Why Do Mormons Baptize Dead People?

When a story is picked up by both television and Internet news outlets it's a pretty good indicator that people are talking about it and/or are interested in the subject, or that the media know they have a story they can exploit for various reasons.  The subject of Mormon baptism for the dead, also referred to as proxy baptism -- an unusual doctrine for those outside The Church of Jesus Christ of Latter-day Saints -- is admittedly one of our most peculiar practices to initially explain. Though for Mormons, who understand the importance of baptism as the necessary ordinance for every person who desires to enter into the kingdom of God, it is one of the great witnesses that the restored gospel of Jesus Christ is upon the earth. Mormons believe that God's plan for the salvation of His children, as proclaimed in scripture, teach that everyone must be baptized in order to be saved. Through the ordinance and covenant of baptism we witness that we accept Jesus Christ as our Savior and Redeemer.

Baptism is a commandment.

"Jesus answered, Verily, verily, I say unto thee, Except a man be born of water and of the Spirit, he cannot enter into the kingdom of God. (John 3:5)

“Go ye therefore, and teach all nations, baptizing them in the name of the Father, and of the Son, and of the Holy Ghost: teaching them to observe all things whatsoever I have commanded you” (Matthew 28:19–20).

Why baptism?

Then Peter said unto them, Repent, and be baptized every one of you in the name of Jesus Christ for the remission of sins, and ye shall receive the gift of the Holy Ghost. (Acts 2:38)

Baptism for the dead was a known practice during early Christianity.

"Else what shall they do which are baptized for the dead, if the dead rise not at all? why are they then baptized for the dead? (1Cor 15:29)

We baptize our deceased ancestors because we believe that they will rise again!

To members of The Church of Jesus Christ of Latter-day Saints it makes complete sense that if God has commanded that we must all be baptized, even though the majority of His children would never hear the gospel of Jesus Christ during their lifetime, then surely a loving God would have provided a way for them to receive this saving ordinance. We believe that this is done through the process of baptism for the dead by proxy.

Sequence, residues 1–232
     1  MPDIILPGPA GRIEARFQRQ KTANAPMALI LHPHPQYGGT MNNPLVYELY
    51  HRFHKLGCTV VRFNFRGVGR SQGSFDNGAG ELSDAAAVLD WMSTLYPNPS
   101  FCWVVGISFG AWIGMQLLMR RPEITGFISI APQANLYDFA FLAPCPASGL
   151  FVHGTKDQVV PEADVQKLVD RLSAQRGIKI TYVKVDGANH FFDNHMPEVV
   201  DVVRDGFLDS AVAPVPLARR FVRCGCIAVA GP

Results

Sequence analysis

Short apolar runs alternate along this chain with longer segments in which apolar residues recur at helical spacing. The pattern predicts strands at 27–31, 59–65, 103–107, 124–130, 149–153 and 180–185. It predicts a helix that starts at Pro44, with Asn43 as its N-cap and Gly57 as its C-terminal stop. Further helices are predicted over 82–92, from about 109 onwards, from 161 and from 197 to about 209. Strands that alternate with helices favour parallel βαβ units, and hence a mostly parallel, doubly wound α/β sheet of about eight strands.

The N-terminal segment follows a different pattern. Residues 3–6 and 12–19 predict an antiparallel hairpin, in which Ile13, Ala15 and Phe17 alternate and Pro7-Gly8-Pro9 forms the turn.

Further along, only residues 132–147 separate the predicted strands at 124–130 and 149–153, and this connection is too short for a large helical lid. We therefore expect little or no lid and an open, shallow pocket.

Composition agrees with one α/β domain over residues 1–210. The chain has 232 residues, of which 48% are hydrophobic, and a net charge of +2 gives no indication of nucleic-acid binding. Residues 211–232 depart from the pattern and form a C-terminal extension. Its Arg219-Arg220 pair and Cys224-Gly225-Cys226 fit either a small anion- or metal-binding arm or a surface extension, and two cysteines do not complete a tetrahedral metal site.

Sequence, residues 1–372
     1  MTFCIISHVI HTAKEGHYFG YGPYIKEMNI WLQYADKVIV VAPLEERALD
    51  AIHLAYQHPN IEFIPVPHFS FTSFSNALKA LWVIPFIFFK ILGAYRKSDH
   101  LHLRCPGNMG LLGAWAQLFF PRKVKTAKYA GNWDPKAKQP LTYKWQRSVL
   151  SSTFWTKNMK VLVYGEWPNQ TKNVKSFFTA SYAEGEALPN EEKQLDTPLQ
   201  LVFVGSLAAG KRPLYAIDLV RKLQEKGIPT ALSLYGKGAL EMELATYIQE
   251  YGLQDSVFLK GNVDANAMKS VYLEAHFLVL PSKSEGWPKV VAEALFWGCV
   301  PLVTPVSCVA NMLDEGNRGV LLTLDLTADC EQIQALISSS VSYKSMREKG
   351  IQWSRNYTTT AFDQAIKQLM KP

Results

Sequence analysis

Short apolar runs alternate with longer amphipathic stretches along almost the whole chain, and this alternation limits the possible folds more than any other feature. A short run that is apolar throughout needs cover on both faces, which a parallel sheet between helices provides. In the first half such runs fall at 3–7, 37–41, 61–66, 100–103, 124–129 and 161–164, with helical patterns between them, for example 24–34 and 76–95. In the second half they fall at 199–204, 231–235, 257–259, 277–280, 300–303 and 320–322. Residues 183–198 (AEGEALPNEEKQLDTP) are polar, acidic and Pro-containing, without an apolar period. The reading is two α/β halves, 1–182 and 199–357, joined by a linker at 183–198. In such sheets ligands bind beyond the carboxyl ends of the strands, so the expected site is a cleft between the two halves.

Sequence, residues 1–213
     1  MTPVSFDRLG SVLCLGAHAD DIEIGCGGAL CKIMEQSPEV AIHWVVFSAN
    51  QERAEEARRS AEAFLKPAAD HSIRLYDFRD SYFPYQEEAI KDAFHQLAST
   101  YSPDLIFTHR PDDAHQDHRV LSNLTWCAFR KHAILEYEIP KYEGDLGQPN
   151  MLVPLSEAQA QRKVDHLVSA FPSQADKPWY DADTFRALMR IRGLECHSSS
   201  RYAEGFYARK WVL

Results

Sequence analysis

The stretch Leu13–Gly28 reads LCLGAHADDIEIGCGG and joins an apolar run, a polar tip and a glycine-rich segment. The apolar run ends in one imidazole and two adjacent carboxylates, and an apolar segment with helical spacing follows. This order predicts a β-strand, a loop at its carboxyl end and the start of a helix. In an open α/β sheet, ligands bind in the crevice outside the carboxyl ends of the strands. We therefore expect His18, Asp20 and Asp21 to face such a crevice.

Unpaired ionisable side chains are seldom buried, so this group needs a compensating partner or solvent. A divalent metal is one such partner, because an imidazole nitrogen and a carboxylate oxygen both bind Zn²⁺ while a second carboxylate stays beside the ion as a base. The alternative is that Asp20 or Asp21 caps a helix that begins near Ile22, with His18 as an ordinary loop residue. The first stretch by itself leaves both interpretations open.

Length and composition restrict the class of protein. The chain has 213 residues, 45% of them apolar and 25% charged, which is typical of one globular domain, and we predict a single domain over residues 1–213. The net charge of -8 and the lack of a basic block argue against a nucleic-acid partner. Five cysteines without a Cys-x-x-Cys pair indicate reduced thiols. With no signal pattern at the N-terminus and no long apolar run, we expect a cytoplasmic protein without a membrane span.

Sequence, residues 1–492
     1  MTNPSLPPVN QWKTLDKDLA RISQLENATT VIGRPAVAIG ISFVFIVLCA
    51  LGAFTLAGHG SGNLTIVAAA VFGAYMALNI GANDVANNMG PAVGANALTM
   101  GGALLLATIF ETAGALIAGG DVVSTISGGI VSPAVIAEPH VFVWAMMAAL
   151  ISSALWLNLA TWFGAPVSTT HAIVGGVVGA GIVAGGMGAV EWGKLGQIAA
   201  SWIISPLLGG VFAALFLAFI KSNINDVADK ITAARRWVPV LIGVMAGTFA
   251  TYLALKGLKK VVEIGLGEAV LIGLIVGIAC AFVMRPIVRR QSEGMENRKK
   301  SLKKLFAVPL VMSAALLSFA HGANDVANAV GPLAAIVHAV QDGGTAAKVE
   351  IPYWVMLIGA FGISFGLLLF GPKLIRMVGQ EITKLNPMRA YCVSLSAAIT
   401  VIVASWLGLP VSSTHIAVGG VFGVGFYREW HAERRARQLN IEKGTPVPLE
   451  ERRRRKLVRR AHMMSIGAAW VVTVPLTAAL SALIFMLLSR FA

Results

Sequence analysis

I've often wondered how Christians, of other denominations, reconcile a belief that the majority of God's children, for the mere fact that they did not have the opportunity to hear the gospel of Jesus Christ in this life, are damned to hell for not receiving the ordinance of baptism. Personally I can't relate to a God who would not have made accommodation for all of His children. Through modern revelation we learn the extent of God's love for us.
"For behold, this is my work and my glory—to bring to pass the immortality and eternal life of man." (Moses 1:39) 
I suppose that at first thought, if one is not familiar with this practice, visions of Mormons digging up dead bodies and baptizing them in our temples might come to mind.  Seriously?  Thankfully that's not how we do it.  Through genealogical research Mormons indentify the names of deceased family members, who never had the chance to be baptize in this life, and then serve as proxy on their behalf to have them baptized.  Baptisms for the dead are performed in LDS temples. This process does not then make the deceased Mormon. We believe that once a proxy ordinance is done for a person who has died they are given the opportunity to either accept or reject the baptism. Although some members have had spiritual experiences confirming to them that a proxy baptism was accepted, most of the time the end result is not known.

For those who might struggle with the concept of one person doing for another, that which they are not able to do for themselves, consider the greatest vicarious work of all -- the Atonement of Jesus Christ. The work that is done in LDS temples, for those who are deceased, is done in similitude of what Jesus Christ did for each one of us. He has invited us to partake in His work by helping to bring to pass the salvation of our brothers and sisters, through acting as proxy. This ensures that necessary earthly ordinances are ultimately performed for every child of God -- ever born.

Gordon B. Hinckley had this to say about vicarious work for the dead...
“I think that vicarious work for the dead more nearly approaches the vicarious sacrifice of the Savior Himself than any other work of which I know. It is given with love, without hope of compensation, or repayment or anything of the kind. What a glorious principle.”

Scriptural evidence proclaims that every person born must accept that Jesus is the Christ: 

From Old Testament -